Ruthin's colourful history is revealed on a series of green plaques displayed on buildings around the town which serve two purposes. They give an insight into the heritage of the town and they give a handy excuse for a breather on the way up the steep streets.
The town grew around a hill in the Vale of Clwyd, with older parts of town on top of the hill and newer buildings nearer the river. Its elevated position means there are some impressive views across the Welsh countryside. It also means there are some steep streets but the climb is made worthwhile by the delightful timbered buildings, interesting shops and fascinating history.
The 13th century St Peter's Church is a particularly fine building and stands behind some magnificent elaborate 18th century gates just off the square. The church was built by John de Gray, whose father Reginald had built the castle and it has an oak-panelled roof which is reputed to have been given by Henry VII. And in the shadow of the church spire are 12 alms houses which were established 1590 by Dr Gabriel Goodman, for 40 years the Dean of Westminster.
Another doctor whose work affected the town was Beeching, who swinging cuts to the rail network meant the closure after 100 years of Ruthin's station. The site of the station is now occupied by the impressive Ruthin Craft Centre which originally opened in 1982 but was rebuilt and reopened, at a cost of 4.3million, in 2008.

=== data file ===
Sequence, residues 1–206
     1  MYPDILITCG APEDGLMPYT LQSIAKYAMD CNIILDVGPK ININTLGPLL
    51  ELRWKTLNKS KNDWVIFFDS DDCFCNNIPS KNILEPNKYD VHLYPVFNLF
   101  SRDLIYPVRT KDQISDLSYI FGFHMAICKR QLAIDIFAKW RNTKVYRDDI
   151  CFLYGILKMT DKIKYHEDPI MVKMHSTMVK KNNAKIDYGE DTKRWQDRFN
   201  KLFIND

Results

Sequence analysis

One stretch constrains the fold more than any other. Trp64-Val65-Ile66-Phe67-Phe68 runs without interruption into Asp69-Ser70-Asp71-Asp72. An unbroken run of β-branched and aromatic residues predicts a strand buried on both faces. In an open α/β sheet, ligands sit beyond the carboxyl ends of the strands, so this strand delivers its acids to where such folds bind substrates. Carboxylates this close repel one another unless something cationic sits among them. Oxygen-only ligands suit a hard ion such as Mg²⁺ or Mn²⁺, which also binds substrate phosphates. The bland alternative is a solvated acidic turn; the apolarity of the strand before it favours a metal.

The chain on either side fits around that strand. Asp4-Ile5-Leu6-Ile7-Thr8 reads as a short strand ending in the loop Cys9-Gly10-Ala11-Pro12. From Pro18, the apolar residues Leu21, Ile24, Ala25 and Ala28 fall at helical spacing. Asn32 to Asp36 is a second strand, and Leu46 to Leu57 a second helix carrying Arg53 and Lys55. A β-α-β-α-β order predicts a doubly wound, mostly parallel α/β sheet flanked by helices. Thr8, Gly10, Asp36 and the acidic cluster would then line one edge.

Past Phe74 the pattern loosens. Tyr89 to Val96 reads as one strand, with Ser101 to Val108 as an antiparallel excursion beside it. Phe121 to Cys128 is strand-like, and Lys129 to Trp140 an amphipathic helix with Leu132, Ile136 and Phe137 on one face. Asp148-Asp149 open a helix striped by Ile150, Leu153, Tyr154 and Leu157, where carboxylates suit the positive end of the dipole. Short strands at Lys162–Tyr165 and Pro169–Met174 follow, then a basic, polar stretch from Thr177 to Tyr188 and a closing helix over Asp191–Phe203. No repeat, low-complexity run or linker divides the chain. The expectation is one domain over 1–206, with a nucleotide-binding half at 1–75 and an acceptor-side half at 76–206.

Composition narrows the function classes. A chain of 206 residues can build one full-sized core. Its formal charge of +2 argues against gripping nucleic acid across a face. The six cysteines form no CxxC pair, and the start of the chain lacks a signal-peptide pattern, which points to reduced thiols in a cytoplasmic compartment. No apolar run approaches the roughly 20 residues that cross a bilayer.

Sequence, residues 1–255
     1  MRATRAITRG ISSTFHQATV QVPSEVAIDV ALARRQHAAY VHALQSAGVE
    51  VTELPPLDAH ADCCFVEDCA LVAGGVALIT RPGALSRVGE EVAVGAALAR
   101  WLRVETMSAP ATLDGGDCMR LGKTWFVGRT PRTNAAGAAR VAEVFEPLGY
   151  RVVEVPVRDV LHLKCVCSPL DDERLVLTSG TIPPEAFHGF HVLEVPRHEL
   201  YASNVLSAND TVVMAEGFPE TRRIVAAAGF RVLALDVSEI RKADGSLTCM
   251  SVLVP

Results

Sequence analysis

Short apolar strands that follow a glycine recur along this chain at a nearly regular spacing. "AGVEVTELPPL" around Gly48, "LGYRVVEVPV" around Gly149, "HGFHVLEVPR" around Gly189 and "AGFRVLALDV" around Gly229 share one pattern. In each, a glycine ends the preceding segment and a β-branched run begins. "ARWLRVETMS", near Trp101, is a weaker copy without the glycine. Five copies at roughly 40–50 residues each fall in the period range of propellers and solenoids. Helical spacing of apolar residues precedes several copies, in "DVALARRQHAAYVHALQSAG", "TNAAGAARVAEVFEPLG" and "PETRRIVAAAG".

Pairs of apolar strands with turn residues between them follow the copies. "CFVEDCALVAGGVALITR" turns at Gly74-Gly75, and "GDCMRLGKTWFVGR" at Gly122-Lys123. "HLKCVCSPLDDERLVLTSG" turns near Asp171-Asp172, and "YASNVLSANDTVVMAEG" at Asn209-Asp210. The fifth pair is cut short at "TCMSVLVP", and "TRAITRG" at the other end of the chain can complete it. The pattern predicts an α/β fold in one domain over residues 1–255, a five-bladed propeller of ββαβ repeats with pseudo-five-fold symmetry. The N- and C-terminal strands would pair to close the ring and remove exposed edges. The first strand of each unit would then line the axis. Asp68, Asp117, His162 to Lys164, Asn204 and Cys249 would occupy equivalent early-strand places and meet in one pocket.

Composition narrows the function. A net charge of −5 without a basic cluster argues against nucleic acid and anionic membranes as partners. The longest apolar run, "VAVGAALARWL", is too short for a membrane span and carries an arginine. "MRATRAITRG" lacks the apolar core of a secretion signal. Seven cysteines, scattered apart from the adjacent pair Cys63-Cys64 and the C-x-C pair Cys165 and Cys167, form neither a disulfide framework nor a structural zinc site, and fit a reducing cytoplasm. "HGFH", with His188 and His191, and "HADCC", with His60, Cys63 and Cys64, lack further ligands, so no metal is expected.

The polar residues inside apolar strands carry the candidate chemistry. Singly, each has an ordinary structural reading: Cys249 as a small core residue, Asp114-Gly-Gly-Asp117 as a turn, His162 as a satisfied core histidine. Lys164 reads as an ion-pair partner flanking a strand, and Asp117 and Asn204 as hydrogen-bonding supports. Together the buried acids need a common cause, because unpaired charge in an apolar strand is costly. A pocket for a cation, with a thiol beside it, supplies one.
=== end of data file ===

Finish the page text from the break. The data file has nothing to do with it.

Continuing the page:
The centre includes a gallery, with regularly changing exhibitions, eight studios where visitors can watch artists at work, a tourist information centre, and a restaurant.
Need to know
The name Ruthin comes from the Welsh words rhudd (red) and din (fort), and refers to the colour of the red sandstone which the town is built on and from which the castle was constructed in the 1200s
In 1574 Dr Gabriel Goodman re-founded Ruthin School which had been originally founded in 1284 and is one of the oldest public schools in the UK
Ruthin, Rhuthun in Welsh, has more listed buildings than any other market town in North Wales and in the 18th century was reputed to have 52 pubs, one for every week of the year. There are now nearer 12 town centre pubs
Sir Henry Haydn Jones MP, slate quarry owner and owner of the Talyllyn Railway was brought up in the town and is immortalised as Sir Handel, owner of the Skarloey Railway in Rev W Awdry's Railway Series Ruthin is twinned with Brieg, Brittany
Actors Rhys and Llyr Ifans, John Lennon's first wife Cynthia and son Julian, and Formula One racing driver Tom Pryce have all lived in Ruthin
For more information contact Ruthin Tourist Information centre on 01824 703992.
Where is it?: Ruthin stands at the meeting of the A494 and A525 in Denbighshire, about 10 miles west of Wrexham. Type LL15 1AA into your satnav to find St Peter's Square.
Where to park?: There are long and short stay pay and display car parks around the town and some on-street parking is available too. There is also a large free car cark at the craft centre.
What to do?: Admire the architecture, soak up the history, visit the craft centre and go to gaol.